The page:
With the workforce growing divided between in-person employees and remote workers, leaders and managers must ensure their team members feel seen and included by actively checking in and keeping them in the loop.

“I’m seeing a lot of people really struggling with feeling like their efforts are going unseen, unacknowledged, and unrewarded,” explains Liane Davey, bestselling author of The Good Fight and co-founder of 3COze Inc. “When we’re working remotely, there’s this challenge that our work takes physical, emotional, and cognitive labor that isn’t necessarily obvious in the output.”



With remote communications in particular, there’s a lot that can be lost in translation. There are body language cues or tone of voice for people to pick up on from an email, so it’s important to make sure you’re coming across to your employees the right way and that your workers feel heard. Chris has one particular method he likes to use for resolving conflicts in the workplace.

“We teach all of our leaders to use this technique called ‘Three Plus,’” shares Chris. “You need to repeat [what someone says to you] back three times to make sure that you got it right. When people get upset, they might have trouble articulating what’s actually wrong. So when leaders repeat back what they think they’ve heard, they can suddenly drill down into what the real issue is.”

Above all, the first step to creating a welcoming and supportive hybrid office environment is to be deliberate about your goals.

“Cultures of inclusion and belonging don’t tend to happen by accident,” says Dr. Tiffany Jana, CEO and founder of TMI Consulting. “You either have an intentional set of programs and imperatives, or you have intentionally inclusive people that know how to make people feel like they are embraced.”

Continuing “remote first” communications

For a hybrid office, you might expect hybrid meetings to be the norm. However, remote meetings may continue to remain the best option for maintaining seamless communications among employees, according to leaders like Kevin.

“For a truly collaborative meeting, where you want everyone’s input and best thinking, then I would say put everybody in a virtual meeting,” recommends Kevin. “Don’t put half the people in the room together and the other half not, because it’s just not going to work nearly as well.”

Why continue remote-first meetings for a hybrid workforce? Not only do they put all employees on a level playing field as they each call in from their own space and device, but there may also be some psychological reasoning behind the decision.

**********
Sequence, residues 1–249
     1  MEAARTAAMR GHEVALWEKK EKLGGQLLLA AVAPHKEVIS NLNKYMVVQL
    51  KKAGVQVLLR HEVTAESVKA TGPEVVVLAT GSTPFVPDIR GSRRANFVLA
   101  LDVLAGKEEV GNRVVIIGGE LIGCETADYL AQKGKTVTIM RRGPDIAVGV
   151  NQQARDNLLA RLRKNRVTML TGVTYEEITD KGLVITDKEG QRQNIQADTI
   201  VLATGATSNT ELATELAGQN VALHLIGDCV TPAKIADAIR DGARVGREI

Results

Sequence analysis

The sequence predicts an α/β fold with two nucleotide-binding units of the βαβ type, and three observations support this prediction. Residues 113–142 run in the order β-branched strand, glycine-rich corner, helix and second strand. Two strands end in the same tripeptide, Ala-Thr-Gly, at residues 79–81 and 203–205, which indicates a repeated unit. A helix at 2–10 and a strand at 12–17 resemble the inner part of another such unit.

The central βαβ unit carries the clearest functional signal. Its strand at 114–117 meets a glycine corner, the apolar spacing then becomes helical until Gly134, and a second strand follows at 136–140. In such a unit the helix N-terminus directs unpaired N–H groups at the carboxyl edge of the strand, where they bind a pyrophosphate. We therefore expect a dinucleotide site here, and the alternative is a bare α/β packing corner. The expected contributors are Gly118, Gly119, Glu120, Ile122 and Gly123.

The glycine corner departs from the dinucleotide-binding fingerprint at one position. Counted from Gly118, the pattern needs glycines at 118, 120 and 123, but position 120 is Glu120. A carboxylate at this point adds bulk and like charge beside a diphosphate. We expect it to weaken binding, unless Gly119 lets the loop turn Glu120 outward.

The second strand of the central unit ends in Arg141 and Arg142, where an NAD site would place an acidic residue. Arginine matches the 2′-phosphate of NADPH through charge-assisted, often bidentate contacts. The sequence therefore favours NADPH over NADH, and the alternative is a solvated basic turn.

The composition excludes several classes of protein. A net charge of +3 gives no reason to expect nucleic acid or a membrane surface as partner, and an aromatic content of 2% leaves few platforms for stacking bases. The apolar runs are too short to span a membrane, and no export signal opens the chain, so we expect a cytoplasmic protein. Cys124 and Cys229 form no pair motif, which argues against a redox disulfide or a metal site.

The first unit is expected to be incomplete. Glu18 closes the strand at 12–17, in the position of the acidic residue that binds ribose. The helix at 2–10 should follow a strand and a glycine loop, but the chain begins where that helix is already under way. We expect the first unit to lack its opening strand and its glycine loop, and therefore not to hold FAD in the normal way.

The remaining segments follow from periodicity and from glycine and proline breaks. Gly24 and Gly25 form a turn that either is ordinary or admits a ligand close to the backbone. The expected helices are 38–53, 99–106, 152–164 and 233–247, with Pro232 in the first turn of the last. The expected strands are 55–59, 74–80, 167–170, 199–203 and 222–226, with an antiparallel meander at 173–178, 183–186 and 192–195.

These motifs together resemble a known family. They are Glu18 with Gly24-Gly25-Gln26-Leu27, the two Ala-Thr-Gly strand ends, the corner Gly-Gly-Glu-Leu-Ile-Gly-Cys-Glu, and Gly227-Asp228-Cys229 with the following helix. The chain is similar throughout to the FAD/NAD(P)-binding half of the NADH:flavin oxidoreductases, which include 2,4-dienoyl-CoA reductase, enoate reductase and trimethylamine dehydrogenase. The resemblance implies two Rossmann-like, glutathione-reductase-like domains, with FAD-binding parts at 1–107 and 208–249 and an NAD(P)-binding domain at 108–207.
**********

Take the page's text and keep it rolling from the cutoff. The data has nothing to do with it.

“Subconsciously, what happens is the person who is working at home might actually see a crowd [of in-office workers sharing one screen] as people ganging up on that person,” says Bhagyashree Pancholy, owner of All Remotely. “So they may not open up, they may not talk, or they may not be comfortable speaking to a large section of people listening to them together.”

“Physical intimidation tactics in the workplace will be lessened by the equity of showing up on video instead of shoulder to shoulder at the board table,” says Danielle Taylor, Deputy CEO of TMI Consulting. “In video meetings, team members are eye to eye and arranged according to when they joined a call, not by positions of power.”

According to experts like Natalia Walters, senior consultant at U.K. innovation company Fluxx, there are also benefits offered by the asynchronous nature of virtual meetings that companies shouldn’t overlook.

“Asynchronous collaboration unlocks flexibility because it means that people aren’t expected to be online at the same time and respond instantly,” explains Natalia. “It also plays to the strengths of different personality types. Introverts who may want to take a bit more time before contributing to an idea are able to think on their own time and then add their thoughts later.”

Final thoughts

As you’ve seen, big changes are coming to the future of work. Many companies are now entering a new landscape unlike anything they’ve experienced before. With all of these new workplace trends, it’s important to be prepared to adapt to whatever new situations a hybrid office may introduce.

“We’re headed into a large period of experimentation when it comes to workforce and workplace strategy to figure out what’s going to work right for each organization,” says Sacha Connor, founder and CEO of Virtual Work Insider. “No one’s going to get it right off the bat. They just need to be able to continue adjusting as they go.”

What workplace trends do you predict for 2021? Share your thoughts by creating a Prezi video and tag it with #hybridwork for a chance to be featured. To hear more from experts, you can also look to our Video Gallery to see what else the future of work may hold.